CH: The drawings are smaller and more portable than my paintings so I can work on them if I only have a few hours or if I am traveling, or want to be at home on the couch. They are also a collaboration with me and my physical environment where I don’t have to come up with the composition myself…but I can just close my eyes and try to remember the fleeting afterimage of the physical world and its light disappearing into a sort of vast inner space. Similar to my paintings they are made of layers of color and I think of them as representative of a certain place or time. I want to bring attention to moments of transition and attempt to capture the fleeting, which is impossible. I think of de Kooning and the ‘Slipping Glimpser’, he said, “You know, the real world, this so-called world, is just something you put up with like everybody else. I’m in my element when I’m a little bit out of this world: then I’m in the real world – I’m on the beam. Because when I’m falling, I’m doing alright. When I’m slipping, I say, ‘Hey, this is interesting.’ It’s when I’m standing upright that bothers me… As a matter of fact, I’m really slipping most of the time. I’m like a slipping glimpser.” I love that quote and how he addresses the journey of life and artmaking and how they are both slippery and it is hard to hold onto things to the point where letting go and being on the journey is the interesting part. I also feel like the act of making work for me helps me stay together while I am falling apart… and in some ways both my paintings and drawings are somehow disappearing or falling apart at the same time as they are coming together. It occurs to me that some people use the word transition to mean death, and I think, underneath it all, my work is about the relationship between the body and the Spirit and what happens when the objects on the physical plane disappear, about what is leftover. Fundamentally, my work is about death and what we are without the material world.

WNG: In addition to being an artist, you are also a yoga teacher.  Yoga is described as a moving meditation.   What drew you to learn and later teach yoga?   What is your meditation routine and how does it inform your artmaking practice or vice versa?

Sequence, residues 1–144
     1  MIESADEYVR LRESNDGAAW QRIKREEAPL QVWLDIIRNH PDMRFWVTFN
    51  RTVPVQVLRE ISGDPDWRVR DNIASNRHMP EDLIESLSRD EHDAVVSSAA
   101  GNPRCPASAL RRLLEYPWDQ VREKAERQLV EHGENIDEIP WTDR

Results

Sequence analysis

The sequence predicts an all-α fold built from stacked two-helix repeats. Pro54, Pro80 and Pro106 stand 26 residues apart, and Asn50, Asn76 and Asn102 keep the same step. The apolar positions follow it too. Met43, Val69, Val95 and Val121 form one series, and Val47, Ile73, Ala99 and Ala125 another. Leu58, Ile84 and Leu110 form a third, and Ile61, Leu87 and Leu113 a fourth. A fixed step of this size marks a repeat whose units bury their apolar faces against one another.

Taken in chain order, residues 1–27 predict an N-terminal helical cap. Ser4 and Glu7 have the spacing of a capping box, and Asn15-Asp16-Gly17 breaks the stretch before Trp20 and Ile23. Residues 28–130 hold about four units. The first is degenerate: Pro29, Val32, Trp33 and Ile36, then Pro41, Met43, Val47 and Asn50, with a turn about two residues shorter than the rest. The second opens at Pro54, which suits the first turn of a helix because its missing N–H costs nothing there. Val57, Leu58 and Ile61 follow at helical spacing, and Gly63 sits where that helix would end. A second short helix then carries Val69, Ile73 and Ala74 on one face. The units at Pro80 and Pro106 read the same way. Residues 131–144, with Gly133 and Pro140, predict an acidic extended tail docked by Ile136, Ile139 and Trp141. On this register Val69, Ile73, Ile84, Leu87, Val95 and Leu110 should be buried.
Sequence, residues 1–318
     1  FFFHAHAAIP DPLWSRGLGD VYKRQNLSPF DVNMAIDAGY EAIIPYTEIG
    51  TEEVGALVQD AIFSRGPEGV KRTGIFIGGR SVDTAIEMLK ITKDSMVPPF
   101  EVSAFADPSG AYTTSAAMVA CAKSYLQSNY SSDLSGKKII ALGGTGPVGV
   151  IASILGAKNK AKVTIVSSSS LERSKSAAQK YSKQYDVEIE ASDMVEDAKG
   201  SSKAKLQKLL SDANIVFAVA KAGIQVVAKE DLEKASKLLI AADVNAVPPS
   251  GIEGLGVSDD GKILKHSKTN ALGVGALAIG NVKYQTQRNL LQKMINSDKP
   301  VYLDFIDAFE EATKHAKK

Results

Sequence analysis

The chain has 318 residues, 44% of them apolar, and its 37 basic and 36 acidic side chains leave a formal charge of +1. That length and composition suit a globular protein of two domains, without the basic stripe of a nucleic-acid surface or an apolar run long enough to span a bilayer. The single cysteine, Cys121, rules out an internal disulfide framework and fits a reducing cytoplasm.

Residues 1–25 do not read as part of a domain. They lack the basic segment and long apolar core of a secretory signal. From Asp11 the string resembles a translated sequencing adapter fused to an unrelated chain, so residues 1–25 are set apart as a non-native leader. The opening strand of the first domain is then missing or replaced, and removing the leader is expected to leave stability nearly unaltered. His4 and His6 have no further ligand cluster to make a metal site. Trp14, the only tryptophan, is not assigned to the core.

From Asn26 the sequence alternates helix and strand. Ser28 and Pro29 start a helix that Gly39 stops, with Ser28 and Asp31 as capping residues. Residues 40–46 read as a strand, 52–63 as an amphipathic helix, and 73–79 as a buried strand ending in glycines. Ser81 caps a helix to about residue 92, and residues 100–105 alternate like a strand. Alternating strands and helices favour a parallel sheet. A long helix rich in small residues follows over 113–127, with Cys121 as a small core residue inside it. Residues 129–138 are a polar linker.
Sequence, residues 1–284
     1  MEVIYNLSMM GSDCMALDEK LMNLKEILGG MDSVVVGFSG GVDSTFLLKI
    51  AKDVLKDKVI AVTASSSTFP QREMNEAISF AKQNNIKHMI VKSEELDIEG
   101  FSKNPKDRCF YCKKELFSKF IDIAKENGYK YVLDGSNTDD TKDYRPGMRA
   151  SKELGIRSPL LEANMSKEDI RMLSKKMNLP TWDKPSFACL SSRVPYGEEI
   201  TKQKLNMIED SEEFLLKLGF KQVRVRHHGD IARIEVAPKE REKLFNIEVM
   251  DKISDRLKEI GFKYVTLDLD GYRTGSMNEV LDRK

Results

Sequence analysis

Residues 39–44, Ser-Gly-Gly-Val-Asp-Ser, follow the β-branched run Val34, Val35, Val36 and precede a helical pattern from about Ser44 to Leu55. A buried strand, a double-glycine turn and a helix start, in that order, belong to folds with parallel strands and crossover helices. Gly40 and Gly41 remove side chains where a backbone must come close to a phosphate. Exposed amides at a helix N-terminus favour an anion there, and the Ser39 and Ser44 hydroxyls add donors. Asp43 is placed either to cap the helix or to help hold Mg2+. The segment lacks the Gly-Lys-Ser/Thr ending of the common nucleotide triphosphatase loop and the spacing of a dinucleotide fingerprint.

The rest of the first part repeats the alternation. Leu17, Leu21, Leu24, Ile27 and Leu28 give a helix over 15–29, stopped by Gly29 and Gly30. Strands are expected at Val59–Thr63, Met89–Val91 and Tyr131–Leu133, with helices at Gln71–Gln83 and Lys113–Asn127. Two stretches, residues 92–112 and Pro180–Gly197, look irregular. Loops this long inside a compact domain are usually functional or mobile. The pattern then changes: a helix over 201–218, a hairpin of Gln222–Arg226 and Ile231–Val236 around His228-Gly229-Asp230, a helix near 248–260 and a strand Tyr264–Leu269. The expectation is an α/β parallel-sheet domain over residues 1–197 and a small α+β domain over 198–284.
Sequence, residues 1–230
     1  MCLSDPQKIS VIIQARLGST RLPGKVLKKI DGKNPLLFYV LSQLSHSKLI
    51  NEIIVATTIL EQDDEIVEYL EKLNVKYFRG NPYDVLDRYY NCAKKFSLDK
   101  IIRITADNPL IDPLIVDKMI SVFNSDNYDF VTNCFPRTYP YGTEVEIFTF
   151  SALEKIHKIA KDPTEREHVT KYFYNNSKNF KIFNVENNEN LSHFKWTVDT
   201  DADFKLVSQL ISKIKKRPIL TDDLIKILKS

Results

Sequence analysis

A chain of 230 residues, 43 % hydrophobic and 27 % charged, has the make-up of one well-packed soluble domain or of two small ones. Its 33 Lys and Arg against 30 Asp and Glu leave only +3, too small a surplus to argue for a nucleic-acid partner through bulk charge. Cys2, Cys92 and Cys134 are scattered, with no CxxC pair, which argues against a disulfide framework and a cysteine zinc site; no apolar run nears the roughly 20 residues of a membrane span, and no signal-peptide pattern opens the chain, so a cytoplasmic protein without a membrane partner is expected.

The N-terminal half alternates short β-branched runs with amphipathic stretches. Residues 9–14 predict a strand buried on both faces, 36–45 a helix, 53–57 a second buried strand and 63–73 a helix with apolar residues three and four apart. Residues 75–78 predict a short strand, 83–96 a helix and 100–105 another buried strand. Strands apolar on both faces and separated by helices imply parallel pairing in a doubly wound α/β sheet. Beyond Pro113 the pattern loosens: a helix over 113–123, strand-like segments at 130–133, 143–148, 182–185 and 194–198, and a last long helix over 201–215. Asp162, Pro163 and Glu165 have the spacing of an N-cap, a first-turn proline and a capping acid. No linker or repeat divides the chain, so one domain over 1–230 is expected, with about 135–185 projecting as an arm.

CH: I began practicing yoga because I was making poor decisions and wanted to know myself better, it was really about dealing with stress and anxiety and low self-esteem. Yoga helped me so much that I knew I wanted to know more about it and share it with others so that is when I decided to do the teacher training and get out into the community. I am getting older and have been working in restaurants for 13 years so I practice asana in the morning to maintain some flexibility, and to be able to walk without limping, and turn my head when driving. I generally meditate while I am having coffee in the morning for 15 min or so, checking the internal weather to see what I am dealing with on any given day. I try to just sit and see what comes up and be without judgement, and as a perfectionist that is one of my biggest challenges, to accept myself as I am. Meditation helps me to see my emotions and thoughts, to acknowledge them, and let them go. Meditation is also about death, going into the deep self that is not physical, it is about impermanence and the idea that everything changes, as well as the fact that I create my own reality through my attitude, thoughts and perceptions. Ideas relating to trying to discern what is real, and exploring how my own perception shapes my personal reality, are important to me and what I explore in my artistic practice as well. Sometimes I can’t see the forest through the trees, and meditation is a way to pause and take stock, take the aerial view. I think of my painting installation at Weinberg/Newton in a similar way, when you are in it, you are caught up in the micro-focus of the moire pattern and a sort of minutia that is always changing. I have realized through this experience that the installation creates a bit of instability, or maybe even anxiety as a result. But you can really only see the installation as a whole, in a more calm and stable way, if you step back out of the installation, out of the woods as it were.